Your turkey is defrosted, the cranberry sauce is made, the pies are cooling, and you’ve followed your Aunt Alice’s creamed onion recipe to a T. You’re feeling on top of the world until you remember that you need something to wash this all down with. Don’t despair, Keri Levens, the wine director for Aquavit, New York’s newly minted Michelin starred-restaurant, is here to guide you through the perfect pairings.
To begin, Levens recommends looking for a fuller-bodied white wine and lighter bodied red for your Thanksgiving table. “For white, I recommend Domaine du Tariquet, a wine producer from Gascony in southwest France. Look for their wine called Classic, a stunning white wine at an incredible value, around $9. This Uni Blanc/Colombard blend is perfect throughout the entire meal. For red, I look to the Pinot Noirs of Oregon such as Domaine Serene or Cristom for their elegance, versatility and ripe fruit and cranberry character,” she says.
Levens notes that turkey can be a very tricky pairing. “There is much debate about whether to serve white or red,” she admits. So she goes with one sommelier’s secret: “Pair to the sauce instead.”
And don’t overlook dessert, which needs its own bottle. “With the diversity of dishes, it’s best to go with a delicate and versatile option,” she says. Levens likes Jalliance Clairette de Die, saying it’s not overly sweet.
“This delicate sparkler is made with 100 percent Muscat, the same grape as Moscato, so it won’t be too heavy after a big meal. It has refreshing acidity to help lighten a rich dessert like pumpkin pie.”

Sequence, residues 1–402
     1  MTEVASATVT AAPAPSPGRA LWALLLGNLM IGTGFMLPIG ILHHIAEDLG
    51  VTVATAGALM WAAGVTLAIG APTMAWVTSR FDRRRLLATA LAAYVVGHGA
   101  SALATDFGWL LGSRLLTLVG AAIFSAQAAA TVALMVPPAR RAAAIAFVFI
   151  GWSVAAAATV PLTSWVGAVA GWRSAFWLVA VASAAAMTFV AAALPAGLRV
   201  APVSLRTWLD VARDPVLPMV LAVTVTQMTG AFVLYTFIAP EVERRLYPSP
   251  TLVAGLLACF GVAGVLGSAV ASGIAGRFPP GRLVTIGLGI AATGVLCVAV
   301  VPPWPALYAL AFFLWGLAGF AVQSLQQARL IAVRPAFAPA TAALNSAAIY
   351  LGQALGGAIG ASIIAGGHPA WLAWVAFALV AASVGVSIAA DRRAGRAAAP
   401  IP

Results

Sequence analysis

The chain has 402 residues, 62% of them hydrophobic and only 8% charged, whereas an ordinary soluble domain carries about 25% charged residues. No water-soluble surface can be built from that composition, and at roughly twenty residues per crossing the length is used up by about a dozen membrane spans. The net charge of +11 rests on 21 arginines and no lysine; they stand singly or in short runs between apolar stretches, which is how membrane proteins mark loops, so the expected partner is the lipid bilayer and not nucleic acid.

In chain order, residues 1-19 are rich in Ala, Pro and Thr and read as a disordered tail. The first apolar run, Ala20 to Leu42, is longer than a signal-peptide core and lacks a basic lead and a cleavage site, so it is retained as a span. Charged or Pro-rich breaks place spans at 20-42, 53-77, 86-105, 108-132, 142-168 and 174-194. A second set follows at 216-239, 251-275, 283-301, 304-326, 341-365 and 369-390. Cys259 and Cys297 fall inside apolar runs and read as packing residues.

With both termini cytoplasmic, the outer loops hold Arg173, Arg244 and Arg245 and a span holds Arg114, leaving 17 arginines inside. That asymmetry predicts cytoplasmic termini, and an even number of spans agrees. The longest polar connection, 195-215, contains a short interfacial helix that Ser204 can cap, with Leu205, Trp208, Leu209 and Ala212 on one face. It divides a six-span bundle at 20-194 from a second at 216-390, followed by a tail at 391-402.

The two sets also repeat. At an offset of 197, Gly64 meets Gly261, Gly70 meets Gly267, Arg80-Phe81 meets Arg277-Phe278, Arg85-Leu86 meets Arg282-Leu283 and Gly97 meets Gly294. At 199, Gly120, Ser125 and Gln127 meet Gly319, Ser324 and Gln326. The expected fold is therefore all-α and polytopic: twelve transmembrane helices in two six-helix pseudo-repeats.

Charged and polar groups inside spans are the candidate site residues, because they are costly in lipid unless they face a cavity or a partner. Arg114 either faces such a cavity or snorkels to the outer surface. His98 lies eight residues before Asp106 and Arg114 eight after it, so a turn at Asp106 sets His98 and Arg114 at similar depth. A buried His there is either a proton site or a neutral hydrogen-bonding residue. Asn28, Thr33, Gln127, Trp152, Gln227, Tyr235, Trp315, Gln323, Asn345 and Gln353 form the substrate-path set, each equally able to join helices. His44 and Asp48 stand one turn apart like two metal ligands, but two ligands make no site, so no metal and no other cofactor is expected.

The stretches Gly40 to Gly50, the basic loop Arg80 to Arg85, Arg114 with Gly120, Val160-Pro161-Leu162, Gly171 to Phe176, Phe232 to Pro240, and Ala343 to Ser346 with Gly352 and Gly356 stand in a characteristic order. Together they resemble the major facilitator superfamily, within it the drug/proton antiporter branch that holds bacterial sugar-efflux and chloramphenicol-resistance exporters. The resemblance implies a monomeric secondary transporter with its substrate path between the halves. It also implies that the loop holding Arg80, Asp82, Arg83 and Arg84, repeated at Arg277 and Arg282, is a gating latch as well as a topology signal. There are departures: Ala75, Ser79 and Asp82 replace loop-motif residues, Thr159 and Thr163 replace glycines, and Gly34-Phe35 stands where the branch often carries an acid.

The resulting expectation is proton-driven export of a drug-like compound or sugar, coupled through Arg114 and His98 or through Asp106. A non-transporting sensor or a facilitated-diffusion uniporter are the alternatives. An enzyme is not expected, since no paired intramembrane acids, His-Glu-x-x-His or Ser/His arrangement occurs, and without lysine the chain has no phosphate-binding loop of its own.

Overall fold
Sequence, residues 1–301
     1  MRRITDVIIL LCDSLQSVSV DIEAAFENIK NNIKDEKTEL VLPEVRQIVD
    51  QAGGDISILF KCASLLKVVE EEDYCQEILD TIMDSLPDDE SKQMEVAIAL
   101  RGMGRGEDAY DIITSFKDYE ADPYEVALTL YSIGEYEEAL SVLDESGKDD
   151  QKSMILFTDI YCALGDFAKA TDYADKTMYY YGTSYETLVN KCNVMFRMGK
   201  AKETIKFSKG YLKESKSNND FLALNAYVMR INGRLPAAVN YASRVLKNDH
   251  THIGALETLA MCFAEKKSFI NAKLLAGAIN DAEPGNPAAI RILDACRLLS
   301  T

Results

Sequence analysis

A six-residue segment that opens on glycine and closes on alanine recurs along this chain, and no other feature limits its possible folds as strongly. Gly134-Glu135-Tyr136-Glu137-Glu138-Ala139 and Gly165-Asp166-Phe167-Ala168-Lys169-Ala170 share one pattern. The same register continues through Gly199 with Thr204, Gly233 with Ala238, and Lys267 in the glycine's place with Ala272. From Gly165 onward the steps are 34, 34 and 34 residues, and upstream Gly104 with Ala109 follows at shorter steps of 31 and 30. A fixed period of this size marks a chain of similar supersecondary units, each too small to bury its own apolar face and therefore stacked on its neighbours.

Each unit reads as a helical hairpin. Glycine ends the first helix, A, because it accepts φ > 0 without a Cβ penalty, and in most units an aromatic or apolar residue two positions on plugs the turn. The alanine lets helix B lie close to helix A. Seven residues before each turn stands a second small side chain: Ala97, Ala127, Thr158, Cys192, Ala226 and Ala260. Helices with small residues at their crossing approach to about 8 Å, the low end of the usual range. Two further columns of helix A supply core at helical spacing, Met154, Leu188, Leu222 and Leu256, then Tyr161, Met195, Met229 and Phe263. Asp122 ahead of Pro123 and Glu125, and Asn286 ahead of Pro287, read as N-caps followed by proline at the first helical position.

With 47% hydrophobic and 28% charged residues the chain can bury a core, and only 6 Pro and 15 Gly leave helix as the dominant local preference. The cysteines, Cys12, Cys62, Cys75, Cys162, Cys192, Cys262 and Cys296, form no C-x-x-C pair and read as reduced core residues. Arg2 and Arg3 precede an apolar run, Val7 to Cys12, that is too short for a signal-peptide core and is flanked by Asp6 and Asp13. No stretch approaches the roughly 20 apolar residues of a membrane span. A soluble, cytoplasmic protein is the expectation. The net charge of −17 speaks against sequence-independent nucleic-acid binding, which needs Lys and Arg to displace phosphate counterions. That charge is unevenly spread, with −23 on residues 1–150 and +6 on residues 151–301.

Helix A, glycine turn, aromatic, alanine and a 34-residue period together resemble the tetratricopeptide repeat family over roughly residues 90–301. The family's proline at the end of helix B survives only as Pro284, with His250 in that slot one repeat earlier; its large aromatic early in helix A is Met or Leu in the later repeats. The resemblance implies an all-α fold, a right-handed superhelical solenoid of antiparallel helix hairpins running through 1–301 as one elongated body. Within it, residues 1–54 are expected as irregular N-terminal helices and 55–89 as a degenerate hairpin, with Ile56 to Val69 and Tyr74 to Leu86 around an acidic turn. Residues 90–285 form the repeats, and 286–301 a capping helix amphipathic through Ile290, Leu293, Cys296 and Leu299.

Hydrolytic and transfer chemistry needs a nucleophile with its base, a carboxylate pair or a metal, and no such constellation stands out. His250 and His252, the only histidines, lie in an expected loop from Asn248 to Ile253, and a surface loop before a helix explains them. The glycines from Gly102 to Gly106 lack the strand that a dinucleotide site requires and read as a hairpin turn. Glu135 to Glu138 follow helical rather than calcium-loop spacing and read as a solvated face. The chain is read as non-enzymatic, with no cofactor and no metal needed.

How to tackle the wine store like a pro
Does the thought of trying to navigate the wine store fill you with dread??Levens says an easy place to begin is with bottles from the Alsace region of France. They label their wine by grape variety so it’s easy to pick out a full-bodied Pinot Gris or a crisp and complex Riesling and know what you’re getting. “Both of these would compliment dishes with mushrooms, spicy sausage stuffing or even a dish with a hint of natural sweetness like sweet potato,” she notes. “For red drinkers, Alsace produces earthy yet light bodied Pinot Noir.”
How to serve your wine
“Thanksgiving is communal. There’s no reason to be stuffy about wine service,” she says, meaning you don’t need to replace your guests’ wine glasses after each course. “As long as your wines are served at the right temperature, a quick rinse between wines will help each glass shine.”
Apéritif: Greet family and friends with a flute of sparkling (and affordable) Jaillance Crémant de Bordeaux or partner hors d’oeuvres with Domaine du Tariquet Classic, a refreshing white with delightful citrus notes.
Main Course: Alsace Riesling is the most versatile accompaniment for the array of Thanksgiving dishes. With enough body to stand up to the turkey and starchy dishes, its crisp acidity is refreshing throughout the meal. The “red wine only” drinkers will enjoy Domaine du Tariquet’s Chenin Blanc-Chardonnay or Alsace Pinot Gris for their food-friendly and fuller-bodied nature. Keep the bubbles flowing with Crémant d’Alsace Rosé, a dry and fruity sparkling wine that pairs excellently with cranberry sauce.
Dessert: What could be more refreshing after a rich meal than a lightly sweet and fizzy glass of Jaillance Clairette de Die Cuvée Impériale? Perhaps an Autumn Cobbler, a sophisticated yet simple cocktail twist made with Jaillance Clairette de Die, sherry and cinnamon.